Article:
Although Sunni Ali Ber was in severe conflict with Timbuktu after its conquest, Askia Mohammad I created agoldenagefor both the Songhay Empire and Timbuktu through an efficient central and regional administration and allowedsufficient leeway for the city's commercial centers to flourish.
With Gao the capital of the empire, Timbuktuenjoyed a relatively autonomous position. Merchants fromGhadames,Awjilah, and numerous other cities of North
Africa gathered there to buy gold and slavesin exchange for the Saharan salt of Taghazaand for North African clothand horses.
Leadership of the Empire stayed in the Askia dynasty until 1591, when internal fights weakened thedynasty's grip.
Following theBattle of Tondibiin a village just north of Gao, the city was captured on 30 May1591 by an expedition of 4,000Andalusian Moriscos, 500mercenariesand 2,500 auxiliaries, including slaves, dubbed
theArma. They were sent by theSaadiruler of Morocco,Ahmad I al-Mansur, and were led by Morisco GeneralJudar
Pashain search of gold mines. Pasha was born into a family of Spanish Muslims in Morocco, banished by the SpanishCrown following the failedAlpujarras uprising of 1568–71.
The sacking of Gao marked the effective end of theSonghai as a regional power
and its economic and intellectual decline,
as increasing trans-atlantic trade routes –transporting African slaves, including leaders and scholars of Timbuktu – marginalised Gao and Timbuktu's role astrade and scholarly centers.
The consequence of the Moroccan expedition was the formation of thePashalik of Timbuktu. While initially controlling the Morocco – Timbuktu trade routes, Morocco soon cut its ties with the Armaand the grip of the numerous subsequent
on Timbuktu began losing its strength. By 1630, the colony wasindependent and had been indigenised through intermarriage and local alliances. Songhay never regained control andsmallertaifakingdoms were created.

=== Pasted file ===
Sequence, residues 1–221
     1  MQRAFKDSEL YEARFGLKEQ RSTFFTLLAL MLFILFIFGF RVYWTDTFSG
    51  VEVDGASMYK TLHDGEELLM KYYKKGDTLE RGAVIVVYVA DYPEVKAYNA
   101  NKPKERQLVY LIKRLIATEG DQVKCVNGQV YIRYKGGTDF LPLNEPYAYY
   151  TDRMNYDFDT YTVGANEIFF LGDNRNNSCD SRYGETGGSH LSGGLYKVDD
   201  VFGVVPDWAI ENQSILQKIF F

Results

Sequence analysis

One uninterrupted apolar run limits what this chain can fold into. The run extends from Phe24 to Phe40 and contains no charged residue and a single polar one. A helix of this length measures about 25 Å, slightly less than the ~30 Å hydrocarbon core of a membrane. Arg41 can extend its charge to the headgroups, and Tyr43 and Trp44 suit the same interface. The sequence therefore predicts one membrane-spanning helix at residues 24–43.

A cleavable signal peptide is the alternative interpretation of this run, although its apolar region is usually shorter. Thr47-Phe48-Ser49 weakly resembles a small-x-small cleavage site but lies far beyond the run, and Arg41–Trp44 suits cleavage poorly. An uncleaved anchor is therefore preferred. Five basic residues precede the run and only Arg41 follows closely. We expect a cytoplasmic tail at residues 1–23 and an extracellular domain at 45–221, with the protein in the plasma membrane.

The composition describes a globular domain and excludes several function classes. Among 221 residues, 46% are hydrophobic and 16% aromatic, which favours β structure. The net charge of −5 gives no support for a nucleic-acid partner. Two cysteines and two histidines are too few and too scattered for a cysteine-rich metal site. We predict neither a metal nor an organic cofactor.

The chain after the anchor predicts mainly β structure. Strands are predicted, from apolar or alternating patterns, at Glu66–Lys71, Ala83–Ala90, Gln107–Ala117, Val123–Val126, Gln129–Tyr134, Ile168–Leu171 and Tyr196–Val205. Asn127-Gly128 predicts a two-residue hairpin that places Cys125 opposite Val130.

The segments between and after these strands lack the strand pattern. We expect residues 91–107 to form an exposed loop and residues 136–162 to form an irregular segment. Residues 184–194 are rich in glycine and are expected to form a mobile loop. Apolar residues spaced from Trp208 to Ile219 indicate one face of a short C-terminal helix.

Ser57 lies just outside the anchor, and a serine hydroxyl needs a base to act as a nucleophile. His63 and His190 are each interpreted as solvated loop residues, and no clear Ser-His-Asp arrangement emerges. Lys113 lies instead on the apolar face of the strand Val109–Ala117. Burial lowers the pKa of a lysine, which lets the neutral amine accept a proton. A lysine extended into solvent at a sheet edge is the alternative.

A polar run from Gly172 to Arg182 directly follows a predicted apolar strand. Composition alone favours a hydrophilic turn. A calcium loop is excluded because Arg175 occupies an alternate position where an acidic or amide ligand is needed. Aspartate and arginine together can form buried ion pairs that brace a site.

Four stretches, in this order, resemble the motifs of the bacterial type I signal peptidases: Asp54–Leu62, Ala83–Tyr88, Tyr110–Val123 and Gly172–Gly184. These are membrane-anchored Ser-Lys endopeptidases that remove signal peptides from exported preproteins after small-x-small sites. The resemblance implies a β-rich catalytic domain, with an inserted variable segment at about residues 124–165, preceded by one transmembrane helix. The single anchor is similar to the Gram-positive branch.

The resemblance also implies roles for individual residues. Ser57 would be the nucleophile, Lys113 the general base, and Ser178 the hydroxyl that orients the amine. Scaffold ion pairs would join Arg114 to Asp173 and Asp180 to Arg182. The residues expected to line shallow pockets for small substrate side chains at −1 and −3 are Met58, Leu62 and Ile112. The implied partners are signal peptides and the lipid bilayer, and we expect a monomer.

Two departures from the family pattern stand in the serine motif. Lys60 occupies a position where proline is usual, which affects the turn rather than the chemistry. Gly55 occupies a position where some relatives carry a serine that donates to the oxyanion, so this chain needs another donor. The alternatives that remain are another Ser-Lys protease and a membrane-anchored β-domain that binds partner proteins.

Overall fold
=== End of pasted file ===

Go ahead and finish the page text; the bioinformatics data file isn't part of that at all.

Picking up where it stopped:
Tuaregtemporarily took over control in 1737 and the remainder of the 18thcentury saw various Tuareg tribes,BambaraandKountabriefly occupy or besiege the city.
During this period, theinfluence of the
, who by then had mixed with the Songhay through intermarriage, never completelydisappeared.
TheMassina Empiretook control of Timbuktu in 1826, holding it until 1865, when they were drivenaway byEl Hadj Umar Tall'sToucouleur Empire. Sources conflict on who was in control when the French arrived:
Elias N. Saad in 1983 suggests theSoninke Wangara,
a 1924 article in the Journal of the Royal African Societymentions the Tuareg,
whileAfricanist John Hunwickdoes not determine one ruler, but notes several states competing
for power 'in a shadowy way' until 1893.
Under French rule
After European powers formalized thescramble for Africain theBerlin Conference, land between
the 14thmeridianand Miltou, South-WestChad, became French territory, bounded in the south by a line running from
Say, Nigerto Baroua. Although the Azawad region was now French in name, theprinciple of effectivityrequired
France to actually hold power in those areas assigned, e.g. by signing agreements with local chiefs, setting up a